for this number of years,

there was Muscle Shoals.

It's a unique thing,

rooms and record-making

like that, it doesn't happen

very often.

It's usually somebody like

Rick Hall that's like

a type of maniac.

With the drive and the foresight

to do it, you know,

and he's a tough guy.

This area here is where

my roots are.

And it's helped me develop

into whatever I am today.

My father was a sawmiller

and we lived way out

in the Freedom Hills.

No houses, no neighbors.

No kids to play with.

The floor in our house

was dirt.

The heater was made

out of an oil drum.

We slept on straw beds

made out of straw

that we pulled up

in the fields.

We had no bathing facilities,

no toilets, nothing.

And we just kind of grew up

like animals.

That made me a little bitter.

Somewhat driven.

I wanted to be special.

I wanted to be somebody.

Can you slip away,

slip away

Slip away, yeah

Oh, I need you so

The first record I cut

in this studio

was a record called

"Steal Away" by Jimmy Hughes.

Brand new building.

And I was hoping it had

the magic.

I didn't know.

So I brought my band in,

and I went up

in the control room

and sat down.

Okay, all set?

I turned on the microphones

and nervously hit

the talk-back button

to the musicians

and said with a slight crackle

in my voice, "Rolling."

One, two, one, two,

three, four.

When they kicked off

"Steal Away,"

I sat behind the console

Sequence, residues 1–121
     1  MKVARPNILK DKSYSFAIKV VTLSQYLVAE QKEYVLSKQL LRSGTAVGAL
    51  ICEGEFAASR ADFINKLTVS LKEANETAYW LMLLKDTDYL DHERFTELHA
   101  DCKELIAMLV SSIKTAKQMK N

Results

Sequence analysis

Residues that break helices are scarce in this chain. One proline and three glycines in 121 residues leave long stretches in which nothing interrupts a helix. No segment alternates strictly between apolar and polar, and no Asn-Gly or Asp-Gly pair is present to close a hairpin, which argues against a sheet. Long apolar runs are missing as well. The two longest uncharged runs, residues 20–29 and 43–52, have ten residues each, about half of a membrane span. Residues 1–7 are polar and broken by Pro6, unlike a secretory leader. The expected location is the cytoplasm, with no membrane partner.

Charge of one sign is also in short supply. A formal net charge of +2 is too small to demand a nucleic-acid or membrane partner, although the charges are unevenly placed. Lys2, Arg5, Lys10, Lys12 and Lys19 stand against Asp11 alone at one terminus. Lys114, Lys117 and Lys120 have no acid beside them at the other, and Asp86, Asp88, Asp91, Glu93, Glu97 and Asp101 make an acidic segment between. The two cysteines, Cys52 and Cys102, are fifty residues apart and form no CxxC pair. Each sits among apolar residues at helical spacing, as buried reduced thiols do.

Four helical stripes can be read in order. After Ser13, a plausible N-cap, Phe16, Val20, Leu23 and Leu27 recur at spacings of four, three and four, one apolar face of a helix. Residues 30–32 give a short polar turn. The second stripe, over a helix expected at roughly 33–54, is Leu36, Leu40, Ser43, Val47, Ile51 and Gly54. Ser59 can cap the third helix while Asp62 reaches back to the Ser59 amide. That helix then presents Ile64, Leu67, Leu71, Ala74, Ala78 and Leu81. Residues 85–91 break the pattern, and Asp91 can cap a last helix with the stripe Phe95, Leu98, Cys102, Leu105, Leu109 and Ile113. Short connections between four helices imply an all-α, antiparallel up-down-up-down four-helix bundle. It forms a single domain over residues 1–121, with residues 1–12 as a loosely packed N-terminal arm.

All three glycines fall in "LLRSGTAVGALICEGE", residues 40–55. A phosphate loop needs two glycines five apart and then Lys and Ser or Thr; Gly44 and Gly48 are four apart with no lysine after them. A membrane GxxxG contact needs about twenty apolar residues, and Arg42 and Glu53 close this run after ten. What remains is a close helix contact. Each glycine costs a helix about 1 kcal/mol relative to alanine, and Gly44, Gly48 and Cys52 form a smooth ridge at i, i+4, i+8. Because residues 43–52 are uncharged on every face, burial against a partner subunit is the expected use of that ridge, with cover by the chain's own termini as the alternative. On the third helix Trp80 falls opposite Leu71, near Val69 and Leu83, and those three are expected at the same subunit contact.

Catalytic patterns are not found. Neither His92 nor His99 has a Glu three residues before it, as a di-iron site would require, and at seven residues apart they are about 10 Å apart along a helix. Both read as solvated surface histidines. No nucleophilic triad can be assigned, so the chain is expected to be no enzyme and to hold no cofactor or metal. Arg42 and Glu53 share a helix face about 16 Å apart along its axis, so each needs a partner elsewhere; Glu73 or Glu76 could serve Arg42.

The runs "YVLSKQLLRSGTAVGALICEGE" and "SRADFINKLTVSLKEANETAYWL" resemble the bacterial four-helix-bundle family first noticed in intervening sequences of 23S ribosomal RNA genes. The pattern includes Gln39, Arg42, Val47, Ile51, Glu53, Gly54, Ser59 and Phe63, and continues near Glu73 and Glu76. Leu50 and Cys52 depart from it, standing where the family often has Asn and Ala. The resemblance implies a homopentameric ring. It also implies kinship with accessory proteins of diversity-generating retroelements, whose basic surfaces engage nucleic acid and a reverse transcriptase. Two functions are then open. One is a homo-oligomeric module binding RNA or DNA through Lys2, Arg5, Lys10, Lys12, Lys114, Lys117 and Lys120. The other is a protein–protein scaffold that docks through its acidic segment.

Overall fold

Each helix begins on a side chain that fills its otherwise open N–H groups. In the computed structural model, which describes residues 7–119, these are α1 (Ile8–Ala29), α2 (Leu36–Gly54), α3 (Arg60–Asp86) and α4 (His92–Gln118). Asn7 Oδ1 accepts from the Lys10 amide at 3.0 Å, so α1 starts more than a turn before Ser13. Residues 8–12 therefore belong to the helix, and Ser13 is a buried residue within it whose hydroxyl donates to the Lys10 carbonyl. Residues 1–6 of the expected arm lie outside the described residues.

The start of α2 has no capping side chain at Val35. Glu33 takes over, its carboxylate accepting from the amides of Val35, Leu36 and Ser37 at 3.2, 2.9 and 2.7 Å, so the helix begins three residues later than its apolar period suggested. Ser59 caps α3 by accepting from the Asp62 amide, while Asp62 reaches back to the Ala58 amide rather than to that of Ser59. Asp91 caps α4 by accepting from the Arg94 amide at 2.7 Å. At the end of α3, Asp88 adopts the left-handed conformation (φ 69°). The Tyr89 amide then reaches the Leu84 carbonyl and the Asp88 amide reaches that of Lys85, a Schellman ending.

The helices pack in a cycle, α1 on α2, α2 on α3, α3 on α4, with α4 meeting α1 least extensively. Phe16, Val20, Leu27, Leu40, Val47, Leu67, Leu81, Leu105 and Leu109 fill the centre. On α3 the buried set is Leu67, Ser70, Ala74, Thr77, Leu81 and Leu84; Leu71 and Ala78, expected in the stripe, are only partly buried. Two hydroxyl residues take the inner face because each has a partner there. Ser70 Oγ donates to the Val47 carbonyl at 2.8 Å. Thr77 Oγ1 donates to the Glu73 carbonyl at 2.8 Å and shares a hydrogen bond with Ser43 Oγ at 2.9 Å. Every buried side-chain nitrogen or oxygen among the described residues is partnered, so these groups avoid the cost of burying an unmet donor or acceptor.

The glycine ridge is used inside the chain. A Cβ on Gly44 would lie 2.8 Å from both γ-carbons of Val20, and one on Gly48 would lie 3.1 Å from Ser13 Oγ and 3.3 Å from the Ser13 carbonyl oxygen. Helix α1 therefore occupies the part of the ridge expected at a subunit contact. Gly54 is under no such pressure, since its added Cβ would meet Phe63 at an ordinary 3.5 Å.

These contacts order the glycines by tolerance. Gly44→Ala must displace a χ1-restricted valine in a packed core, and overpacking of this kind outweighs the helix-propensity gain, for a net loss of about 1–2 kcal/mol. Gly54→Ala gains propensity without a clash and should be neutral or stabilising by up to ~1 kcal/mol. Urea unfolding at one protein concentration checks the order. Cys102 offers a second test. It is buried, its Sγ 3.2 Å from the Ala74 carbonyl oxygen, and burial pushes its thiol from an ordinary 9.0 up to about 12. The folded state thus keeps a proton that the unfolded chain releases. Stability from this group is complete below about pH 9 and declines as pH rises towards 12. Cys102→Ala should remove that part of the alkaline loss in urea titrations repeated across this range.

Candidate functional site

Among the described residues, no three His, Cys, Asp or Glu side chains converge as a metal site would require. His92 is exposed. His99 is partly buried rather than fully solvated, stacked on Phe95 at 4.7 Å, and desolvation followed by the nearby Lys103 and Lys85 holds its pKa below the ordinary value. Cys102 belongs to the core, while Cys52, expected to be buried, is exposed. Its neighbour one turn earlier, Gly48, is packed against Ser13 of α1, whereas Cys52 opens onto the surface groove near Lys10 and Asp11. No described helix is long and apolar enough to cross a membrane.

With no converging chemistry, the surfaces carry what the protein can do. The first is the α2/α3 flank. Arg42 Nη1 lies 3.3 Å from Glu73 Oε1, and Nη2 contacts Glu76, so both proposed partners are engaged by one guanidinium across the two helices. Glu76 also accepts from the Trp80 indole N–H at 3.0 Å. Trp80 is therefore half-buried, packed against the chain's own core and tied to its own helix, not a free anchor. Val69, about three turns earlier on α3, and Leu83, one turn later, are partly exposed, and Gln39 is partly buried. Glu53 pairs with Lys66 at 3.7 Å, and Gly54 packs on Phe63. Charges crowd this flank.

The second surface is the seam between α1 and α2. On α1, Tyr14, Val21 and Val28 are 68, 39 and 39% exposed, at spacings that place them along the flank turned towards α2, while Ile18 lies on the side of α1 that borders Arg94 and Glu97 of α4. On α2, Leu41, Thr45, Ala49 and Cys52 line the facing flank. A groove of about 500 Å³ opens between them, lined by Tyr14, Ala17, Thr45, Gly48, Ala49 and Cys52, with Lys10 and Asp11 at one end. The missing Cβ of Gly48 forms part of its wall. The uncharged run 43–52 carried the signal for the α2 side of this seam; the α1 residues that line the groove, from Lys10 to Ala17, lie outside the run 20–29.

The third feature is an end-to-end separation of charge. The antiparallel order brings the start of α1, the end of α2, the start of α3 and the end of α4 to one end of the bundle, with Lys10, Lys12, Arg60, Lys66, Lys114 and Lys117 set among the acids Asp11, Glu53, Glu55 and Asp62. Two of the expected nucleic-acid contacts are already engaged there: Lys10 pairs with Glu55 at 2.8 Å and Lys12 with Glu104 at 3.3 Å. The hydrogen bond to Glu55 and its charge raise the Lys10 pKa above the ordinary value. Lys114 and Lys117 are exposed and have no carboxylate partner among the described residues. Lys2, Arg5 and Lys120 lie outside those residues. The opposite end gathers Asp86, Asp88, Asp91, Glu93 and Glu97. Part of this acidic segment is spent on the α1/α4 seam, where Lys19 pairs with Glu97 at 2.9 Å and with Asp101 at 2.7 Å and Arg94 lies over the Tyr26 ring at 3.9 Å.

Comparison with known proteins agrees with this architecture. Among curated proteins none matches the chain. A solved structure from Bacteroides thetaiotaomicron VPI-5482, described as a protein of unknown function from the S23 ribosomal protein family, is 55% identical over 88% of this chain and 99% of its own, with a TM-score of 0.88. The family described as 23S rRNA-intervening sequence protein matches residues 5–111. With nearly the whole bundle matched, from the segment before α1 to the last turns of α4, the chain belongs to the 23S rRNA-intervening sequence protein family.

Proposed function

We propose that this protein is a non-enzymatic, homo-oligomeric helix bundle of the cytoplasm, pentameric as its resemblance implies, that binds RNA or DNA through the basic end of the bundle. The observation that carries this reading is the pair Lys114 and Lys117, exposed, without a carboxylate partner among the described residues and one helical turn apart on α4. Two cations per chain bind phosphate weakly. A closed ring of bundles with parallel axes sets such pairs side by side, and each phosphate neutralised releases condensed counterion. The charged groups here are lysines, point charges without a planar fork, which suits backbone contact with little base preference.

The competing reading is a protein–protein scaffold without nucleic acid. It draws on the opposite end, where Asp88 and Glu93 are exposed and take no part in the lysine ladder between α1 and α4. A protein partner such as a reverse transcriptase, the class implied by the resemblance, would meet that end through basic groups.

and wept.

I just had huge chill bumps

come up on my arms.

And the hair on the back

of my neck actually stood up.

And of course,

this was the birth

of the Muscle Shoals sound.

I've got to see you


Not tomorrow

Right now

I know it's late, whoa,

I can't wait

So come on and steal away

I've heard entertainers

and producers tell me

that we got some kind

of sound here

that they can't get

anywhere else.

They have to come here.

It's that oh, deep down

into your stomach,

coming up out of your gut,

coming up out of your heart.

There's that

Muscle Shoals sound.

I won't tell

Anybody else

I'll keep it to myself

I know it's late, whoa,

I can't wait

So come on and steal away

That sound made it through

to even Ireland

and Britain.

And we felt the blood in that.

We felt the...

the sort of pulse of it.

And we wanted some, you know?

You gotta understand

that Muscle Shoals

had its own kind of R&B.

Different from Memphis,

different from Detroit,

different from New York,

different from L.A.

How did it happen

in this little town

of 8,000 people,

to start this whole style

of music?

It always seems

to come out of the river.

You know, even in Liverpool,

you know, the Mersey sound.